First, he helped him become a baseball star. Then, he showed him how to be a husband. And soon, he’ll teach him how to be a father.
Bryce Harper knows his son will undoubtedly have a different childhood. But he will do his best — like his father with a full lunch pail — to provide the same upbringing.
“It’s very cool to become a dad now and know what he sacrificed for me and to be able to put it into myself and hopefully teach my son the right way,” he said. “That’s what I want to do.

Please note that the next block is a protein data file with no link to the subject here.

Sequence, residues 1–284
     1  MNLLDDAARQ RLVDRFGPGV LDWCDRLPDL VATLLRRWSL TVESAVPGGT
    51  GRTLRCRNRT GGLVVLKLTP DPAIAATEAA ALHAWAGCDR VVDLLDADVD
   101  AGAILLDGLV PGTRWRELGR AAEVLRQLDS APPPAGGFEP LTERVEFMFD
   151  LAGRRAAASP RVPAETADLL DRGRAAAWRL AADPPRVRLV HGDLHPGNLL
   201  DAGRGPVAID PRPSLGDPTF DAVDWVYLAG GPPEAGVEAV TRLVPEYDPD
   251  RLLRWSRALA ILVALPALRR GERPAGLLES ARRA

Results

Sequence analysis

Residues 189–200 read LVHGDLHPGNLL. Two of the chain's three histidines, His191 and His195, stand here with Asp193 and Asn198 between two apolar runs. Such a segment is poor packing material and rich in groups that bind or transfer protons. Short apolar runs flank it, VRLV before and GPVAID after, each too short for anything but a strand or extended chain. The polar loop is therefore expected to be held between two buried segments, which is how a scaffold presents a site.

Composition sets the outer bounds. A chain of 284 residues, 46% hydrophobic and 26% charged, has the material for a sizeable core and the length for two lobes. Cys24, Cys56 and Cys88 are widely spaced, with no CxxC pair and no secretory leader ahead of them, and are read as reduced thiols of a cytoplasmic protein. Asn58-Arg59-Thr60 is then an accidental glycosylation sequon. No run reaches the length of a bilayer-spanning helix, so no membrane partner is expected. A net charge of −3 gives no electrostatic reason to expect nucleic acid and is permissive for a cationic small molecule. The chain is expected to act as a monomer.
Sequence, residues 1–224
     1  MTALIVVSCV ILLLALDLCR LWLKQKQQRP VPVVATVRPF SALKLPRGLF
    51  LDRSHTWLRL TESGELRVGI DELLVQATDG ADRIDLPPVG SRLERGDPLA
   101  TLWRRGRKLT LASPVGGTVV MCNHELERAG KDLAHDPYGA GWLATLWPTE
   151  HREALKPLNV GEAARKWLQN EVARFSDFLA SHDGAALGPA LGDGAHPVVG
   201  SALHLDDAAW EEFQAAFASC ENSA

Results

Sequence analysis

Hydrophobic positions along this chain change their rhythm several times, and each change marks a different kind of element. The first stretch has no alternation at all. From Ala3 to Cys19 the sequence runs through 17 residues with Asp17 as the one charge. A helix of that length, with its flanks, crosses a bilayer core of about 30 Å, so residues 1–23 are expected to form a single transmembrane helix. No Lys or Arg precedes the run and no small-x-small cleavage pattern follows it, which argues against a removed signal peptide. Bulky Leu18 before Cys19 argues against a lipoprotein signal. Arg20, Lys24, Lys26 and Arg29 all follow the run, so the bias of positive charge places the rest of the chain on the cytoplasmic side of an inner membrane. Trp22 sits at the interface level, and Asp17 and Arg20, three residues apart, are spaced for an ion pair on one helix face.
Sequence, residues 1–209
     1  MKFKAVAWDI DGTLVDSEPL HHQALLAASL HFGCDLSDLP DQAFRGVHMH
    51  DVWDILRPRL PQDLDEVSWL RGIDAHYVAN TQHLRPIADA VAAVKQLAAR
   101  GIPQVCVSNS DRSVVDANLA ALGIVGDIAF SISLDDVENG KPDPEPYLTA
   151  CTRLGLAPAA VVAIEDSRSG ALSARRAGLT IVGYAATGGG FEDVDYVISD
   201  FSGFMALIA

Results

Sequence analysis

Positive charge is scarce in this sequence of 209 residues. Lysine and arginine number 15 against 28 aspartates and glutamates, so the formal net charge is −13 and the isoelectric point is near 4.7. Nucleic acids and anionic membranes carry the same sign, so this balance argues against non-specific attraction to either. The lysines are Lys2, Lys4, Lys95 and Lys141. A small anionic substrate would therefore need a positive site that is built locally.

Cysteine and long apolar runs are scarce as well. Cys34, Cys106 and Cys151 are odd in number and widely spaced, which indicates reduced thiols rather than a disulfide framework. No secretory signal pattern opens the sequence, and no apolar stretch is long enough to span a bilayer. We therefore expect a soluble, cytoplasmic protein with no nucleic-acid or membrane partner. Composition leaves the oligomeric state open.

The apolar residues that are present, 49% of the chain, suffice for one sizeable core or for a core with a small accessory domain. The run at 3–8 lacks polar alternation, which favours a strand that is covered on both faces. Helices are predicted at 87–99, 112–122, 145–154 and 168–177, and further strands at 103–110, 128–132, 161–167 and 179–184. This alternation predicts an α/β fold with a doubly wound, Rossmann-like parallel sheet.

"If I can just take little things that he did for me and pass that along to my kid, I think my kid will hopefully grow up with the same mentality that I did. Giving a crap about what you do. It’s the little things: You give a crap, you give back, and you understand that giving back is one of the greatest opportunities in life.”
Ruben Amaro Sr. and Ruben Amaro Jr. Ruben Sr. was a shortstop for the Phillies from 1960 to 1965 and first base coach from 1980 to 1981. Ruben Jr. was an outfielder for the Phillies in 1992-93 and 1996-98 and served as assistant general manager from 1999 to 2008 and GM from 2009 to 2015.
Tito Francona and Terry Francona. Tito played 27 games for the Phillies as an outfielder-first baseman in 1967. Terry managed the Phillies from 1997 to 2000.